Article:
One of the hardest parts of writing these reviews is coming up with a good opening sentence. It's easy to get caught up in excess hyperbole when geeking out over pro audio gear, especially when you discover a truly amazing item that on one hand is fresh and exciting, and on the other hand is nothing new to recording. I already knew that Phil Moore understands how to recreate a classic when I reviewed the Sta-Level (Tape Op #55), but now with the edition of the 176 Limiting Amplifier, Phil has done it again and even more so. Like the Sta-Level, the Retro 176 is laid out very much like the original, with all the controls as expected. Its physical size and configuration are also like the original, including the exposed tubes and transformer in the back. It has the classic, hinged face, but Phil wisely added a cover to the top. It is a 2RU-height unit that is painted in an industrial grey and looks very much like the Sta-Level in choice of knobs and screening. Like the original 176 and 175B, it has controls for input level, compression ratio, meter selection, attack, sidechain HPF frequency, output, and release. Unique to Phil's version are switches labeled Interstage and Assymetry. As a recreation, the Retro 176 is a variable-mu compressor/limiter that can be heard as an audio time machine. It will take you back to the original sound of the classic UA 176 and 175B. The modern difference is it allows you to bypass the interstage transformer (modeled after the original UTC A-19) and reduce the amount of "tube" character and achieve a tighter and more transparent compression. With the interstage compressor engaged, you have a rich and full tube-sounding compressor that is ideal for bass and guitars and renders a sound that is equal to the original (see Sylvia's comments below), and in some cases, may be better due to the reduced noise floor derived from the use of modern components. This makes the 176 a very versatile studio tool. You can look at it as an 1176-style compressor with tubes, but that is oversimplifying its capabilities. In many ways, it's more like a Distressor with tubes, as it can handle any type of compression duties needed. The reason the Distressor is great is that it can mimic the behavior of classic FET or opto compression but then has the ability to create its own sounds when pushed into distortion. The Retro 176 also can faithfully recreate multiple types of compression algorithms through its input, ratio, attack, and release controls, but it also allows the user to really drive it to create really cool tones of its own. Through the use of the interstage selection, assymetry position, and sidechain filter, you can fine-tune how the 176 reacts to all manners of program material. We discovered how powerful these switches were on bass tracks. The Retro 176 allows you to completely reshape the bass envelope from subtle tightening and minimal dynamic impact to full-blown tube squash that propels the bass forward and brings out all the rock tone. And that's just playing with the knobs. Once we dialed in a bass tone we liked, we played with the interstage switch, then checked out which side of the wave we wanted to mess with via assymetry selection, and then tailored that signal even further with the sidechain filter. All this interactive control really lets you get a signal that maintains its presence and place in the mix even when it's surrounded by multi-layered guitars, horns, and strings. For vocals, I still love the Sta-Level when the vocalist has given us a great performance that just needs the love. But for singers with bad mic technique or poor dynamics, the Retro 176 is a real problem solver. Again, all the options presented by the controls allow you to go after bumps or sibilance and to fine-tune which characteristic of the vocal you choose to enhance. It's also great on all manners of guitars and really shines on acoustic guitars as you can decrease the low-end sound-hole muck without losing the bottom end of the instrument completely. What we have come to understand is that the Retro 176 is one of the most versatile and musical pieces of equipment we have had the pleasure to use. The more we use it, the more we are learning how powerful this unit is. Here's what Sylvia Massey, who owns a ton of vintage gear, thinks: "We've been using the Retro 176 for a while and have put it up against our original UA 175Bs on several different applications, including snare, bass guitar, drum room, and vocals. It's really a great unit. I especially like how it works on vocals and find it has the same sweet quality as the original 175B. It reacts very similar to the original; however, the Retro 176 is much more versatile. And much more stable. The engineers at RadioStar all had an opportunity to work with the Retro 176, and we all found it to be the most desirable single-channel limiter in the facility-which says a lot, because we have some great tube limiters and compressors here, including RCAs, original Gates Sta-Levels, Collins, ITA, CBS, Western Electric, Altec, UREI, Neve, etc. The only other compressor as highly sought after in the studio is our Retro Sta-Level!" At its $2995 street price, the Retro 176 is not going to be within many people's budgets, but considering that an original 176 of questionable performance could easily cost you this much, the Retro 176 is a great deal as you get all the tone and features of the original plus the modern power-user's extra controls that take the original sound to new levels. If you are serious about your tracking and mixing, this one is for you. We need three more now at WaveLab so we can have two to use on tracks and two to couple together for the stereo mix. Now that would be something! The Retro 176 is available through Vintage King ( ($3695 MSRP;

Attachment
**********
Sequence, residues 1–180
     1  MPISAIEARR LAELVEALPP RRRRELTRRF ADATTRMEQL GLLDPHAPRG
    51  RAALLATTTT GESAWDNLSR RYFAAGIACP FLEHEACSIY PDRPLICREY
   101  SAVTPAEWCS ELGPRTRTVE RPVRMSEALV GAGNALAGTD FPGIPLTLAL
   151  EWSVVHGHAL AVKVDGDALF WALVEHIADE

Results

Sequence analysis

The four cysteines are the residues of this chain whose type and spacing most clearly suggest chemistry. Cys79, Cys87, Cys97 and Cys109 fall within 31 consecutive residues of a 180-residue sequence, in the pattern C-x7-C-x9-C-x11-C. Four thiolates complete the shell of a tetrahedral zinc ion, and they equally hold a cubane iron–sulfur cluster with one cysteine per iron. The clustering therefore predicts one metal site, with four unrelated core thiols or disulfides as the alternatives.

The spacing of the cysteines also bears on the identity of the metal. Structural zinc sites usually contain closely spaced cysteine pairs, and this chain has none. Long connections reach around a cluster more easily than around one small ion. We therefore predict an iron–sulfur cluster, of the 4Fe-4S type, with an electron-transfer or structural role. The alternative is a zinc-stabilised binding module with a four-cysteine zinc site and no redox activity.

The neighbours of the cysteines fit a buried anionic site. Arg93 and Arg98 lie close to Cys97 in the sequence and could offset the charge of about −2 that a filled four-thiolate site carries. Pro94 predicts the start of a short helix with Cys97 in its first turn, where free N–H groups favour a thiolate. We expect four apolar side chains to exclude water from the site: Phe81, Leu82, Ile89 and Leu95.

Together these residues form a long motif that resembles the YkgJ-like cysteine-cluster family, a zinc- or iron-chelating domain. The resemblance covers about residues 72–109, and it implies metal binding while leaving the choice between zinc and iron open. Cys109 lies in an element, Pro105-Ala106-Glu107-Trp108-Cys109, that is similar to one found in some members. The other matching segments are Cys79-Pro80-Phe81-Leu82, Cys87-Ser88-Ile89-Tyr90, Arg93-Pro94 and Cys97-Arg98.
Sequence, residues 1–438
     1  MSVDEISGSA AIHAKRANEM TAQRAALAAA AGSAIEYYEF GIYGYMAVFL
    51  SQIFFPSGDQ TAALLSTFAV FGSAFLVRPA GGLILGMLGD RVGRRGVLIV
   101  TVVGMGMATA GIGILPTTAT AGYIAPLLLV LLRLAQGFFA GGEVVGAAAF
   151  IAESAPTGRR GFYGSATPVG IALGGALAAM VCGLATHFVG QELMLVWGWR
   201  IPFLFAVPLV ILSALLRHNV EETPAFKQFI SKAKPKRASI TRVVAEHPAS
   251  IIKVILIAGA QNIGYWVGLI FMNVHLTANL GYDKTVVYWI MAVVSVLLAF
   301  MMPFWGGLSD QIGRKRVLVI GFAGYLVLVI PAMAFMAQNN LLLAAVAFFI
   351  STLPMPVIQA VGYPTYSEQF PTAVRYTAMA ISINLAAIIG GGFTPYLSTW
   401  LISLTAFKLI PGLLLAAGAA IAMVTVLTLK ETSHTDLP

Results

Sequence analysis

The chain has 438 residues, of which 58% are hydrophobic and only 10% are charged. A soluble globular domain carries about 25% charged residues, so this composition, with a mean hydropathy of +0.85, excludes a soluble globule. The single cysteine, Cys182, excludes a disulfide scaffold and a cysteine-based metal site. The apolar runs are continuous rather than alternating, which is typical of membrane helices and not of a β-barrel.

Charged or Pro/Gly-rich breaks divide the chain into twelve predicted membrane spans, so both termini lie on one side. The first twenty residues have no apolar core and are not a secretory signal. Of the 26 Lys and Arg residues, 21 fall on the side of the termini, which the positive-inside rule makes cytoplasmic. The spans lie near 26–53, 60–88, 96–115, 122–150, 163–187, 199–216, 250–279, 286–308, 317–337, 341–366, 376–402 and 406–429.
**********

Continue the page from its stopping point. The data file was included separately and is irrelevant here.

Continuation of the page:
Tape Op is a bi-monthly magazine devoted to the art of record making.

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